I know all this talk about “objectives” and “informing” makes it sound like I’m channeling your 7th grade English teacher. Heck, let’s toss in “rubric” for some good old-fashioned didactic fun! But the simple fact is this: Just because we learned it in school doesn’t mean it’s not true.
At first gloss, it seems like all you need to do to succeed at informing is to include all the facts that you think a person requires to continue along on his merry way; for instructing, you require the steps, and maybe a warning or two against various pitfalls. Unfortunately, this isn’t true—you can create a piece of writing that is component-complete in that regard and still fail in the eyes of the reader. In fact, it’s painfully easy to do, as demonstrated by much of the tech writing out there.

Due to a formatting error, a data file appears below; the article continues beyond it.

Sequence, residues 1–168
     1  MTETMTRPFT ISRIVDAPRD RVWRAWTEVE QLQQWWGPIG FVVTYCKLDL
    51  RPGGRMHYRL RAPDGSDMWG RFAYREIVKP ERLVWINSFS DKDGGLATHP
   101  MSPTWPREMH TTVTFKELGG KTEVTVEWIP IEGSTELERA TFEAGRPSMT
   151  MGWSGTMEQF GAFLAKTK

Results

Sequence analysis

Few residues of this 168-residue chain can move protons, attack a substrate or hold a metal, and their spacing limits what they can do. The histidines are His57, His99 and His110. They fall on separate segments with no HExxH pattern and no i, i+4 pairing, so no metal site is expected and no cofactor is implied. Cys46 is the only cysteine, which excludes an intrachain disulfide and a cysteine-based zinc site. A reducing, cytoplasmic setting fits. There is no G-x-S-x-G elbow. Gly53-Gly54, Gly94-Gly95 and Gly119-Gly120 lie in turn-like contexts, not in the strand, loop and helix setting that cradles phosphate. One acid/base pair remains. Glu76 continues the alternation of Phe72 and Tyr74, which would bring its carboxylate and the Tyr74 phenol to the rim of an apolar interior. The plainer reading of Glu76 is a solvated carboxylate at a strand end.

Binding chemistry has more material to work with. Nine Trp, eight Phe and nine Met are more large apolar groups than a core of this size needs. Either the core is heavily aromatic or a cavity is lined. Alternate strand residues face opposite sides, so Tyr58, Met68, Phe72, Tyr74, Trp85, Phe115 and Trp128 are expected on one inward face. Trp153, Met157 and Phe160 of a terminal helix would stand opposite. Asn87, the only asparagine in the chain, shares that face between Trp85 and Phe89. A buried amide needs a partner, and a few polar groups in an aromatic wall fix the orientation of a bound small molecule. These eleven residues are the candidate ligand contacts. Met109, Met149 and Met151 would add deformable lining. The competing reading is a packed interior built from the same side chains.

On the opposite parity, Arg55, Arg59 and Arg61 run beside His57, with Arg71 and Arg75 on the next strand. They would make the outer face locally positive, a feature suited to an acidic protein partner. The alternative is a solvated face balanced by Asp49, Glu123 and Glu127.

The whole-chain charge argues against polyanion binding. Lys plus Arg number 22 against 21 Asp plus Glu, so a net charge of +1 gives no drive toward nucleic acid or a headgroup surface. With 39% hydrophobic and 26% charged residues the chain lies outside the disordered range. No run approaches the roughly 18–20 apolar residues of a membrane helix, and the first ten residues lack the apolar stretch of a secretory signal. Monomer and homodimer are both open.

Which brings us to the third question we must answer…
How Does Tech Writing Suck?
So, assuming that the base facts are all there, what constitutes failing to inform or instruct? What kinds of stumbling blocks are we facing here? What mistakes can you make that would ruin an otherwise good collection of facts and procedures?
I’ve attempted to distill the major problems facing technical writing into one, handy little list. Drumroll, please.
The Sins Themselves
The five major sins of bad tech writing (and most writing in general) areeeee…
- Losing the reader
- Making the reader feel stupid
- Failing to stick
- Being a total bore
- Not providing much-needed context